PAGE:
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Cheap RF modules made easy!!
How to do serial comms using the cheap ebay RF 433/315 MHz modules - 22nd April 2013.

These cheap RF modules usually come in a pair, with one transmitter and one receiver. A pair can be bought on ebay for as cheap as $4, and even as cheap as $2 a pair if you buy 10 pairs.

Much of the information on the internet from people's projects is sketchy and not very comprehensive. I test these modules out, and show how to get good reliable serial comms direct from USART -> USART, and I also show how to greatly speed up the data rate and reliability by using an alternative bit encoding system.


My cheap Ebay modules had this pinout;

Another popular brand (slightly more sophisticated) has this pinout;

But all of these cheap type modules fit these 3 basic pin functions (plus antenna);

Vcc (power+) 3v to 12v (works fine on 5v)
Gnd (ground-)
Data In (accepts logic level digital data, HI = transmitting carrier)

Vcc (power+) 5v (some may work on 3.3v)
Gnd (ground-)
Data Out (logic level digital data, HI = carrier present)

Data and transmission

This is very simple. When the transmitter data pin is LO, the transmitter is off, and draws less than 1uA. (Mine drew 200 nA from the 5v supply when off). When the transmitter data pin is HI, it is transmitting solid 433 or 315 MHz carrier wave, and with a 5v supply my transmitter drew about 12mA when transmitting continuous carrier.

The transmitter can be run from a higher voltage (like 12v) which increases the transmitting power and range. My tests showed a 5v supply was plenty, even for 20 metres range through multiple house walls. The transmitter is very crude, and all it does is make an RF carrier wave whenever its data input is HI.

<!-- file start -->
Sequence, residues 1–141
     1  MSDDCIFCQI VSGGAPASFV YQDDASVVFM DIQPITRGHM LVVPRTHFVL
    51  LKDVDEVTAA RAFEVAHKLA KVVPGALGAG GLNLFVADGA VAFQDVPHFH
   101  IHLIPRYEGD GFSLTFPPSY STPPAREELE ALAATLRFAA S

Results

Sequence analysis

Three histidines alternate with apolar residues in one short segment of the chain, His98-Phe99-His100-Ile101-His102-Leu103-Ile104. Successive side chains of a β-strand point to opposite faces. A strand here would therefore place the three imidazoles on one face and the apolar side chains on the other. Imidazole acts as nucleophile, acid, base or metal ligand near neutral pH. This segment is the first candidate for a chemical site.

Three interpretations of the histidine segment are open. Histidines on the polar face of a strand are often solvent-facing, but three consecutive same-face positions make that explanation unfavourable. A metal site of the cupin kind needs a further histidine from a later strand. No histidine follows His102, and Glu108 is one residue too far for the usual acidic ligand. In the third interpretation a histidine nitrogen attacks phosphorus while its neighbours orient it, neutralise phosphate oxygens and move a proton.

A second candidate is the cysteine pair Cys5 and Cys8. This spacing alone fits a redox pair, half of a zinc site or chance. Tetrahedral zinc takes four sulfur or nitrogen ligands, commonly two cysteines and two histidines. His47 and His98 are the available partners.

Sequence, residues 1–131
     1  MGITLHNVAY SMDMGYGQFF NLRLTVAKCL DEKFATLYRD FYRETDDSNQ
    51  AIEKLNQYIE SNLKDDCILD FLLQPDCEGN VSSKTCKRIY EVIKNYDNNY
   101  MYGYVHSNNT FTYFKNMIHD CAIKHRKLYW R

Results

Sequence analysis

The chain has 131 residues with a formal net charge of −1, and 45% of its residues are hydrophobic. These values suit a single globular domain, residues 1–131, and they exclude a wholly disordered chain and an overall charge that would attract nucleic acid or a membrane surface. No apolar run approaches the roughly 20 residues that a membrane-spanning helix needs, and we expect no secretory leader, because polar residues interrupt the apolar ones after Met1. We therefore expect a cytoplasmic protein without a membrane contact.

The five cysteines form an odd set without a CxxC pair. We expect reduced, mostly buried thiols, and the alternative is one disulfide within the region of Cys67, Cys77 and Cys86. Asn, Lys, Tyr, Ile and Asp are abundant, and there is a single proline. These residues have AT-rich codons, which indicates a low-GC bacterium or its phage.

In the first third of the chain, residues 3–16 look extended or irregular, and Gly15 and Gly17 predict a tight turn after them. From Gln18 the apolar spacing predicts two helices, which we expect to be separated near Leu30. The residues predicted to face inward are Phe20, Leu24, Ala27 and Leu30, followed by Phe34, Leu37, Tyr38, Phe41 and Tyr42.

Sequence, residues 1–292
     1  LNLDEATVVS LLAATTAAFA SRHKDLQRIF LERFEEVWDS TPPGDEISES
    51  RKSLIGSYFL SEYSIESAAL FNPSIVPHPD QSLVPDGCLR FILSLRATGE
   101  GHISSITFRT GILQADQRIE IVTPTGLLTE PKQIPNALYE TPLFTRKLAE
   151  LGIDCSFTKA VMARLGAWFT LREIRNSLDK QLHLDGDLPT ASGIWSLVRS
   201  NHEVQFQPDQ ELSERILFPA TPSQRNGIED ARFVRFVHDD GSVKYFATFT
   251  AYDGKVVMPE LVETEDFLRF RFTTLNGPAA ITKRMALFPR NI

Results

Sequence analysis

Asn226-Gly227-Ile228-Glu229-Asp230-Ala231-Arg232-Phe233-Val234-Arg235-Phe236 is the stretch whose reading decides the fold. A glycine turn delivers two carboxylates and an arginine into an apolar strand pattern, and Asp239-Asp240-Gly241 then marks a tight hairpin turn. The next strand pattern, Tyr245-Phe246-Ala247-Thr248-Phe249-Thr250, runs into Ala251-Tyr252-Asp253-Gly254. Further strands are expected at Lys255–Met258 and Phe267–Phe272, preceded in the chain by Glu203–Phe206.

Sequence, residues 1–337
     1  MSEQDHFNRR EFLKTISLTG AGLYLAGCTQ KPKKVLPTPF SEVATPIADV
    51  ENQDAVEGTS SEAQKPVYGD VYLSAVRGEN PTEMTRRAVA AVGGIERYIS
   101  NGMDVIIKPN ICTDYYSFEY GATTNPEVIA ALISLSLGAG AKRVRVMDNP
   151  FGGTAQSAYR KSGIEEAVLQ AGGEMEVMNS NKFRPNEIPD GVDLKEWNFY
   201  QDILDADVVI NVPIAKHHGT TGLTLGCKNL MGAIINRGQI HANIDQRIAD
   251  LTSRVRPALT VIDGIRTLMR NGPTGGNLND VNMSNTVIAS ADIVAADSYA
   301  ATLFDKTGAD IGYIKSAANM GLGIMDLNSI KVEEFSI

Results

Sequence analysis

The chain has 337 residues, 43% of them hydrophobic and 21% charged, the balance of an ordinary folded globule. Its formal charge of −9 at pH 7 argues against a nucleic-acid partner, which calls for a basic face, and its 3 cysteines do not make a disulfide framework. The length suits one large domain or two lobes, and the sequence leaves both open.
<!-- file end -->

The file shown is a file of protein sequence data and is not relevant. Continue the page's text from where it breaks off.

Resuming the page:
The receiver (when powered up) will crank up its gain untl it starts to receive something. If no transmitter is working, the receiver will receive some static. If a modulated carrier (a carrier wave which is turning on and off) is received, the receiver will reduce its gain to remove lesser signals, and ideally will then output the same modulated digital data as that which is controlling the transmitter.

It's important to know that the receiver takes a bit of time to adjust its gain, so any "packet" of data transmitted should start with a "preamble" before the main data and the receiver will then have time to self-adjust its gain before the important data starts.

Testing the RF modules!

I ran both modules from separate regulated +5v DC supplies, and also attached 173mm vertical "whip" style antennas. (They were 433.92 MHz modules, so these were "1/4 wave" length antennas). Range was tested from a few metres open air, to about 20 metres through walls, and the range did not seem to influence these tests much. So I assume these test results are fairly typical of normal use.

Frequency and duty cycle testing

I used a digital frequency source with precise frequencies and exactly 50:50 duty cycle, this was used to modulate the transmitter Data IN pin.

I found that as the modulating frequency got higher the received duty cycle was corrumpted, with the HI portion of the duty getting smaller;

Freq      Received HI Duty
50 Hz     49%
200 Hz    49%
500 Hz    48%
1 kHz     47%
2 kHz     43%
5 kHz     37% 
10 kHz    26% 
12 kHz    20-25% 
16 kHz    bad! 

This is very important for modulating the data, because if trying to use a higher datarate the HI periods will become shorter and most serial protocols like USART serial or manchester encoded serial will fail. This is why these modules are normally only good for 1200 baud serial, or maybe handle 2400 baud serial if everything is perfect (like high signal strength).

Above you can see scope results of the receiver output from 3 different frequency tests, pasted into one picture. All three of these signals was transmitted with exactly 50:50 duty going into the transmitter Data IN pin.

At 1kHz the 50:50 duty of the original waveform into the transmitter is ALMOST preserved, and comes out reliable at about 47% duty.